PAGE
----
During Red Cross Month, the American Red Cross recognizes the nation’s Everyday Heroes who give of themselves and in some way help their community.
“Red Cross Month is an ideal time for people to show support for our mission,” said Julia Wulf, CEO of the Lewis and Clark Blood Service Region. “Anyone can become an Everyday Hero by giving blood or platelets.”
“Please remember those who help all of us here in Idaho by giving their time to help their neighbor,” said Jerry Nielsen, Interim CEO of the Greater Idaho Chapter. “We want to thank our heroes during Red Cross Month – our volunteers, class takers and financial supporters who help us assist those in need.”
March was first proclaimed as Red Cross Month 70 years ago by President Franklin D. Roosevelt. Since 1943, every president, including President Obama, has designated March as Red Cross Month. The American Red Cross is synonymous with helping people, and has been doing so for more than 130 years.
The need for blood is constant. From cancer patients and accident victims to premature babies and those with blood disorders. In Idaho, the Red Cross strives to collect 1,200 units of blood every week to meet the needs of the 40 hospitals served.
The Red Cross responds to nearly 70,000 disasters a year in this country, providing shelter, food, emotional support and other necessities to those affected. It provides 24-hour support to members of the military, veterans and their families – in war zones, military hospitals and on military installations around the world; collects and distributes about 40 percent of the nation’s blood supply and trains more than seven million people in first aid, water safety and other life-saving skills every year.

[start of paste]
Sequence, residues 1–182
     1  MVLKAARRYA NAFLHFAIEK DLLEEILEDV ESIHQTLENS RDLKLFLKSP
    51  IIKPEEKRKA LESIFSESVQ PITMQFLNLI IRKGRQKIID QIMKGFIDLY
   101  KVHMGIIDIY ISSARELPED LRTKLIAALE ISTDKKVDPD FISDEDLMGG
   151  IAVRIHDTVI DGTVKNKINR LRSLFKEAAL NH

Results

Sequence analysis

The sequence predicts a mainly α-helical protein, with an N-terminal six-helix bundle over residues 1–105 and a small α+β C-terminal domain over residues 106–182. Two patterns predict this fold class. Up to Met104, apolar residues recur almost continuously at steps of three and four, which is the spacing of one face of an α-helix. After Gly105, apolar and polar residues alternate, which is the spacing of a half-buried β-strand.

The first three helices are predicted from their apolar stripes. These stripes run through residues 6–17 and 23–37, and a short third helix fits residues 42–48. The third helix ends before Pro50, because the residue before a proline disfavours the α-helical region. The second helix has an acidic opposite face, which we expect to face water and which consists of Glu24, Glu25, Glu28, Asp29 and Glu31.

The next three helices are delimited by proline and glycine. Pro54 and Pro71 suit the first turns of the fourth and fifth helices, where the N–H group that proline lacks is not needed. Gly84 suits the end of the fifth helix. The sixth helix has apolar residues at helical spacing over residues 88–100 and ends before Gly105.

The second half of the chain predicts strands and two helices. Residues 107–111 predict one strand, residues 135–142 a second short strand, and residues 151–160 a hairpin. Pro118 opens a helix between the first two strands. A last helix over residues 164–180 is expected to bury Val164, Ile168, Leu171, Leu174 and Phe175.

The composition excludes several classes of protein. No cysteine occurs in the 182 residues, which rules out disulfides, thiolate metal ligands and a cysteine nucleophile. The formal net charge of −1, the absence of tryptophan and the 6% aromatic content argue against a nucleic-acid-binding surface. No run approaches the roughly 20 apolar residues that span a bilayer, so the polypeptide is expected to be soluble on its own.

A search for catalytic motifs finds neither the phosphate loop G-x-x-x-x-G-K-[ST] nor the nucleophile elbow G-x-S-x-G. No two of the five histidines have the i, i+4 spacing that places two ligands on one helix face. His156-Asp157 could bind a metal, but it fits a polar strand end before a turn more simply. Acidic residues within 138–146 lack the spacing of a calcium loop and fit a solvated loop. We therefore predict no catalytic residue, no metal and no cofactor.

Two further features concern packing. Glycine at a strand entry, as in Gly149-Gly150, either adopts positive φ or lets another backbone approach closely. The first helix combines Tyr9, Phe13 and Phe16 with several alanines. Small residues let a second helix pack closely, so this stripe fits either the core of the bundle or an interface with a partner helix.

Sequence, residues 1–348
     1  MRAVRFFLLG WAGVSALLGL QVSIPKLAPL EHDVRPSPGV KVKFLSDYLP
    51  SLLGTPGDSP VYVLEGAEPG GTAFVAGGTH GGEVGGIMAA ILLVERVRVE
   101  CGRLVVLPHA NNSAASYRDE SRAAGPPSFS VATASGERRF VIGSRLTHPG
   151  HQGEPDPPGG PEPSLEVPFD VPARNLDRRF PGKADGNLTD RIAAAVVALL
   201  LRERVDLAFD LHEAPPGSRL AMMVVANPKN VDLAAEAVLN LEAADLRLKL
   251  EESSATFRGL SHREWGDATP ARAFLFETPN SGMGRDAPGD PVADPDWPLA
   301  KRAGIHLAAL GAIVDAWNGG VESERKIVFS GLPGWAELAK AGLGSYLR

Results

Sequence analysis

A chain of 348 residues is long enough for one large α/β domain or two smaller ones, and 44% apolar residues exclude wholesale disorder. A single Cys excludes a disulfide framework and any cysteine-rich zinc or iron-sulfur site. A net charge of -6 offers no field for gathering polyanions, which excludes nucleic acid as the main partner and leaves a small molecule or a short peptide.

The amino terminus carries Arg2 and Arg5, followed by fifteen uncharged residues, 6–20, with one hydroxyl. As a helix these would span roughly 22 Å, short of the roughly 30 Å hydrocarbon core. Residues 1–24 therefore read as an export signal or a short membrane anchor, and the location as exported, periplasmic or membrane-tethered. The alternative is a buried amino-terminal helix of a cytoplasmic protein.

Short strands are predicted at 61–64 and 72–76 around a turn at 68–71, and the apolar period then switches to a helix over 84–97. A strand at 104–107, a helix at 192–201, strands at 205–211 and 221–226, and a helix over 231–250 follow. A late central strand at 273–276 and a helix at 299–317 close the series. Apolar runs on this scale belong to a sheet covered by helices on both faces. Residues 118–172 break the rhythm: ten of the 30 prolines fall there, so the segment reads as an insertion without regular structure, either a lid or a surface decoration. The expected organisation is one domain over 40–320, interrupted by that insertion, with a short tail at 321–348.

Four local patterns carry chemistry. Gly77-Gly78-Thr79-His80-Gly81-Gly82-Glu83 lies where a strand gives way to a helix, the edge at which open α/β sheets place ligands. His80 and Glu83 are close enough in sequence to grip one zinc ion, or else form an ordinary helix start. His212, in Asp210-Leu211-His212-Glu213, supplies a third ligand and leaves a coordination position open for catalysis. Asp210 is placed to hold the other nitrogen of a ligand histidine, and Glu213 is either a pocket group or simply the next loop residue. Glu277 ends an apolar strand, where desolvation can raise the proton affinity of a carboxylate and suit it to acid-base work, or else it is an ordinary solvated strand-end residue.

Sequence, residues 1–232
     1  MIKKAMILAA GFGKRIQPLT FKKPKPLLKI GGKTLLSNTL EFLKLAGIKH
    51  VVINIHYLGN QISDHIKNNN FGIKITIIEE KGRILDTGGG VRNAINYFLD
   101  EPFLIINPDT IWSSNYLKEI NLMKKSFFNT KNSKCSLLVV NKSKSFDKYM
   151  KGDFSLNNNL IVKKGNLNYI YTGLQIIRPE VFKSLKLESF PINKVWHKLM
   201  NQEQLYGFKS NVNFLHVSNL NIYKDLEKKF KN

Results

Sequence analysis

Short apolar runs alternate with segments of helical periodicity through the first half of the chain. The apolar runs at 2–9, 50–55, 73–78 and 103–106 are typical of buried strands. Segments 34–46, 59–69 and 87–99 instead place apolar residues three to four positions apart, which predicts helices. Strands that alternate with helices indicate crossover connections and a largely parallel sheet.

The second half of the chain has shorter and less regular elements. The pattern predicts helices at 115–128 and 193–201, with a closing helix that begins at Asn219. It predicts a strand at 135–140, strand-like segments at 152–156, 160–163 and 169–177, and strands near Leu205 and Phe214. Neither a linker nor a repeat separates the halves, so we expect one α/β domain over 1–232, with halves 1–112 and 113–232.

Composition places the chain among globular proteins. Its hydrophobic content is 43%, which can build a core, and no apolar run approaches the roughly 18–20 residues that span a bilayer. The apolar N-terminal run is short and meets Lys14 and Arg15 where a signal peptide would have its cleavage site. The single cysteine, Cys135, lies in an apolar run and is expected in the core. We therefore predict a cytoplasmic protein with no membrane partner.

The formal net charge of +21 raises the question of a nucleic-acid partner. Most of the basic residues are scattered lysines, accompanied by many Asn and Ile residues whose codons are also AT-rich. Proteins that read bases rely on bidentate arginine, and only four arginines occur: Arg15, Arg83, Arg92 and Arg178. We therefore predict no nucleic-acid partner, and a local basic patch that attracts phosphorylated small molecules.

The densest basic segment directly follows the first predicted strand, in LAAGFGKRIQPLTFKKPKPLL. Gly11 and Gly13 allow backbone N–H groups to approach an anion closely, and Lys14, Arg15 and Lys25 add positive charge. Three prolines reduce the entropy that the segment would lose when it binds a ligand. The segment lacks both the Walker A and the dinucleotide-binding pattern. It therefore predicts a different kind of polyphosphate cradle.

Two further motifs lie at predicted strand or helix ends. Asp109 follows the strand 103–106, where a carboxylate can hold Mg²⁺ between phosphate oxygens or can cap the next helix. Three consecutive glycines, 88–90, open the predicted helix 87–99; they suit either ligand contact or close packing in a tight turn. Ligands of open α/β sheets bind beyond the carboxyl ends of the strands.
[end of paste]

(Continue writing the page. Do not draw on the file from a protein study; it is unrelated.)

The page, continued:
Here in Idaho, the local chapter responded to 189 local emergencies, assisted 566 military families and trained 15,600 people in lifesaving skills.
The Red Cross is not a government agency and relies on donations of time, money and blood to do its work. An average of 91 cents of every dollar the American Red Cross spends is invested in humanitarian services and programs.
About the American Red Cross:
The American Red Cross shelters, feeds and provides emotional support to victims of disasters; supplies about 40 percent of the nation's blood; teaches skills that save lives; provides international humanitarian aid; and supports military members and their families. The Red Cross is a not-for-profit organization that depends on volunteers and the generosity of the American public to perform its mission. For more information, please visit redcross.org or join our blog at http://blog.redcross.org.